I absolutely agree that radical in-hospitality is a primary reason for our declining membership, but it’s not the inhospitality of the Sacraments, or even of the institutional Episcopal Church. It is the inhospitality of our members that keeps people from coming back.
The Sunday morning gauntlet of inhospitalityMy husband and I have visited many, many episcopal parishes—throughout our own diocese of Ohio, in Europe, New York, Alabama, West Virginia, California, and more—and every visit, I am sad to say, goes in essentially the same way
- We walk through the doors and a greeter hands us a bulletin, barely pausing in his conversation with the other greeter. They do not ask us our names or acknowledge that we’re visiting.
- We sit down in a pew (and I have to struggle with the kneelers because my knee does not bend).
- People are speaking softly with each other, but no one talks to us.
- The worship begins, and during the first hymn, people suddenly notice that we’re there because we sing. Loudly.
- At the Peace, and certainly after the Eucharist, members of the choir rush up to us and say, “Oh, you have a beautiful voice. You HAVE to join the choir…” But they do not introduce themselves, nor do they ask our name.
- Nor do they tell us how pleased they are that after researching thoroughly the question of where we will worship, we chose their parish above any other to visit.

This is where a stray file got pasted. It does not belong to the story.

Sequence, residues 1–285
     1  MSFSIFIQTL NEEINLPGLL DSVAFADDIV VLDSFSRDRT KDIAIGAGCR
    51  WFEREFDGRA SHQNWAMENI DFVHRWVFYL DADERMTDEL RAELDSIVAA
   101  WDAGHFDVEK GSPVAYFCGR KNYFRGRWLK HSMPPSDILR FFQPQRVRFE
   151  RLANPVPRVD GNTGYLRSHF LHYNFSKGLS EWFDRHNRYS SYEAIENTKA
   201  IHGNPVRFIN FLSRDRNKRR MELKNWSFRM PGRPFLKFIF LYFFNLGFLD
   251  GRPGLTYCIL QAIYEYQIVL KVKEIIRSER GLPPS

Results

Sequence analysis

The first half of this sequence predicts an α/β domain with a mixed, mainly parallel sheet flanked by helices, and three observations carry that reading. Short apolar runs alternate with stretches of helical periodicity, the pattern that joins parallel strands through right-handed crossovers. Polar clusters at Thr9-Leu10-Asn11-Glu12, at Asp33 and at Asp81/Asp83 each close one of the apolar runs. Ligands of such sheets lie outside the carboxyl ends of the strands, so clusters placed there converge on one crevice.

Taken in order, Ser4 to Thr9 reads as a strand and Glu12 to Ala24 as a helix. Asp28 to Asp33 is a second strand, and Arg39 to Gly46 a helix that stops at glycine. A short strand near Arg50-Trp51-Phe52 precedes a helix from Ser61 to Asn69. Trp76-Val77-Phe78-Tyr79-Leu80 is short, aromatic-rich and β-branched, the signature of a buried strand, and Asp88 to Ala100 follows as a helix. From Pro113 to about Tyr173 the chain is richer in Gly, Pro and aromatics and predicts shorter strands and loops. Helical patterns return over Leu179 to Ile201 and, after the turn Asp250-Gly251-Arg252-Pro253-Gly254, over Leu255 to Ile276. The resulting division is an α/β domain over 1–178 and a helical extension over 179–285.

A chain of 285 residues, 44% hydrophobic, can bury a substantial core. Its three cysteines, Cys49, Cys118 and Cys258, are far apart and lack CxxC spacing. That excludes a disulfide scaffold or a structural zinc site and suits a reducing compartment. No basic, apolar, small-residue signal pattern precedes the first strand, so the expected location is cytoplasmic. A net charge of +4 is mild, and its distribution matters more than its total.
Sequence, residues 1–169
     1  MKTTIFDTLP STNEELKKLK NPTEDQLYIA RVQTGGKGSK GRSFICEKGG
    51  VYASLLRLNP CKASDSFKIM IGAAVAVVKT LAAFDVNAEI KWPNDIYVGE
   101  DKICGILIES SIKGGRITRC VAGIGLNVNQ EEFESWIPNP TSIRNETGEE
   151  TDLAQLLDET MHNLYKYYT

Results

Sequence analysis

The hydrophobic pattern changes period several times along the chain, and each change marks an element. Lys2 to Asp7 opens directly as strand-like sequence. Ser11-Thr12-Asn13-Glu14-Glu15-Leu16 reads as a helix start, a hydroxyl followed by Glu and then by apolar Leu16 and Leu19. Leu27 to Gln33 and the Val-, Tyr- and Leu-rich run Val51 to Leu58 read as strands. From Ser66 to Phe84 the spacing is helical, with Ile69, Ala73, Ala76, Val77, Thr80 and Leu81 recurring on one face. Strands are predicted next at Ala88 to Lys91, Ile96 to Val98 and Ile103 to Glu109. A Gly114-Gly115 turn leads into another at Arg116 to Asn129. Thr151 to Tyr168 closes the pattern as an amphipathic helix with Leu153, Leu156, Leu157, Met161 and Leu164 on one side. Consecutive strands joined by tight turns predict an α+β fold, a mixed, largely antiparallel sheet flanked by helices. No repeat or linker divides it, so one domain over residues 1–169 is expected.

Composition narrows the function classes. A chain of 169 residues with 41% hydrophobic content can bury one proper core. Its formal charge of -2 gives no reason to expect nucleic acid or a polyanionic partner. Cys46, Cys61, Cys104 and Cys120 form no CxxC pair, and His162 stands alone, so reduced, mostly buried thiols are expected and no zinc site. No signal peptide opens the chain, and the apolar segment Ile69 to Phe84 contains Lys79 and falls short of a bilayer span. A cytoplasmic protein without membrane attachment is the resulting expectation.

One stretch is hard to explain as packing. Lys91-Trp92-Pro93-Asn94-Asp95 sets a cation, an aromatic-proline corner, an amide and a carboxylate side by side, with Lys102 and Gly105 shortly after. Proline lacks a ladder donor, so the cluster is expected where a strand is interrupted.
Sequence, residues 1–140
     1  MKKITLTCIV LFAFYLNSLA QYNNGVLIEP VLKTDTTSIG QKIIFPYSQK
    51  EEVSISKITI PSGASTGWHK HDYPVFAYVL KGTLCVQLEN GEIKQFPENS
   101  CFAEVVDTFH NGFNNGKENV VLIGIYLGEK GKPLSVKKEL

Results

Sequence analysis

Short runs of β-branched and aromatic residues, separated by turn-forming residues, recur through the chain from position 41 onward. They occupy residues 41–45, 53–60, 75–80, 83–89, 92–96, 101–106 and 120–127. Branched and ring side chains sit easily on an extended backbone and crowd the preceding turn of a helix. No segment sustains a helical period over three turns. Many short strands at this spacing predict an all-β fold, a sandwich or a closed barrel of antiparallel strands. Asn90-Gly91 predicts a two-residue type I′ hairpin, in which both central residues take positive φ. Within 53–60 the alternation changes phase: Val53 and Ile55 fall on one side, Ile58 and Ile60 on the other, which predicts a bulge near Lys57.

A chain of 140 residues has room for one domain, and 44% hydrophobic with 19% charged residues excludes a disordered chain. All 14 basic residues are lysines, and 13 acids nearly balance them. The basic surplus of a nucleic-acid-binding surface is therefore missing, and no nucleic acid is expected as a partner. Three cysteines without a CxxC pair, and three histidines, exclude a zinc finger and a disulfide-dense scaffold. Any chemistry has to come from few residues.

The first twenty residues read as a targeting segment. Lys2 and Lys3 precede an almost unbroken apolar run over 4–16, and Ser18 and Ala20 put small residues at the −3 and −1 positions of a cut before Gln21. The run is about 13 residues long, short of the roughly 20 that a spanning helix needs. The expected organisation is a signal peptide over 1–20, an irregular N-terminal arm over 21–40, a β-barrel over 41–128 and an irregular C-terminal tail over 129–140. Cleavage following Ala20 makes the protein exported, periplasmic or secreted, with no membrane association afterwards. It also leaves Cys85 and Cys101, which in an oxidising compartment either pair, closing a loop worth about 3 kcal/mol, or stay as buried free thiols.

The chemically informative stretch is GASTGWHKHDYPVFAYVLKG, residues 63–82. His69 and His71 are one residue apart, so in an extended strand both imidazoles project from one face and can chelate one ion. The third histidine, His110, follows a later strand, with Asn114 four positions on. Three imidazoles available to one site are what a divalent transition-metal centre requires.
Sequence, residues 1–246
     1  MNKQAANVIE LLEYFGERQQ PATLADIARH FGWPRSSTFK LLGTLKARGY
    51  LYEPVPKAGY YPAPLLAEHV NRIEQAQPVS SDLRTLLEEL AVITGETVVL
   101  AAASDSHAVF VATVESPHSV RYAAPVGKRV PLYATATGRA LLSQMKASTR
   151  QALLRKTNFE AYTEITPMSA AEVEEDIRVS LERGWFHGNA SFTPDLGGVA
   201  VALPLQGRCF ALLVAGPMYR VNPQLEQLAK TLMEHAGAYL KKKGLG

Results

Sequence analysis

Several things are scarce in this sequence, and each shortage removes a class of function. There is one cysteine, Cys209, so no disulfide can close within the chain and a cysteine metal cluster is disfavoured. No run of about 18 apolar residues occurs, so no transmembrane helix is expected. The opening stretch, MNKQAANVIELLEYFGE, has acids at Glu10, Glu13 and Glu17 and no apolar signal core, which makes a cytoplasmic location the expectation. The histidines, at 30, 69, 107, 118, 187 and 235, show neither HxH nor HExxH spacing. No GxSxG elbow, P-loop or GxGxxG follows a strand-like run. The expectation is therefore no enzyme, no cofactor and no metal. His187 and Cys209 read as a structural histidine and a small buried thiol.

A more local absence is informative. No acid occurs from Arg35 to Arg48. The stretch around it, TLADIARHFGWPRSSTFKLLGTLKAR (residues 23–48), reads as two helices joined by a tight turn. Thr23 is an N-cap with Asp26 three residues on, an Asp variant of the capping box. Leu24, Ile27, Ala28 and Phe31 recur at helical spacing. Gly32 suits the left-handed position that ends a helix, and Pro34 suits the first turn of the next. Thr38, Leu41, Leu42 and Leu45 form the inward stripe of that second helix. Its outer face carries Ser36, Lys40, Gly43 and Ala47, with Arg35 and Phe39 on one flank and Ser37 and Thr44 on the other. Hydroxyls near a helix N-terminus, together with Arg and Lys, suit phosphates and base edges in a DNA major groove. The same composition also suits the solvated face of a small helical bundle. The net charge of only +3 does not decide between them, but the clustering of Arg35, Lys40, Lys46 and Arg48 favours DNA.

- Rarely do they ask us to come back, and never what we’re doing for lunch that day.
But that's only the part that we could FIX TODAY...Our radical indifference toward the stranger in our worship is only an aspect that we could fix immediately, if we chose to do. It is compounded by far more systemic and structural inhospitalities that will be harder for us to overcome.
- Our music is inhospitable to the present generation’s musicality.
- Our buildings are inhospitable to the differently abled.
- Our penchant for quiet decorum during worship is inhospitable to children.
- Our lovely, poetic texts are inhospitable to the uneducated and illiterate.
- Our socioeconomic culture is inhospitable to the poor.
- Our distinctively American view of the world is inhospitable to non-American parts of the Episcopal Church.
- Our overly-intellectual approach to justice is inhospitable to those who are oppressed. (After all, we don’t really want to hug people who smell bad to us, even if they are Jesus in our midst.)
If I thought for one moment that only our theology of Baptism and Eucharist stood in the way of radical hospitality, I might support the idea of the “open table,” but I want to say that we are guilty of much more bald-faced sins toward the stranger.
If you want to be radically hospitable, invite the homeless into your home for lunch. Christ sits at that table every day. THAT is the table that needs to be opened.